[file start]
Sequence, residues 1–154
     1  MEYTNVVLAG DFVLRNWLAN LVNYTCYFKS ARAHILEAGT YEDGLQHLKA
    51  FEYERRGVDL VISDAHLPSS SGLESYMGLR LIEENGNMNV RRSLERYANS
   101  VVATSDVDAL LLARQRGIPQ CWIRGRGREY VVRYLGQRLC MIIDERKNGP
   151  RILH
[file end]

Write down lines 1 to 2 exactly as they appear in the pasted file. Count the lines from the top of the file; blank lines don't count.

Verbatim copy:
Sequence, residues 1–154
     1  MEYTNVVLAG DFVLRNWLAN LVNYTCYFKS ARAHILEAGT YEDGLQHLKA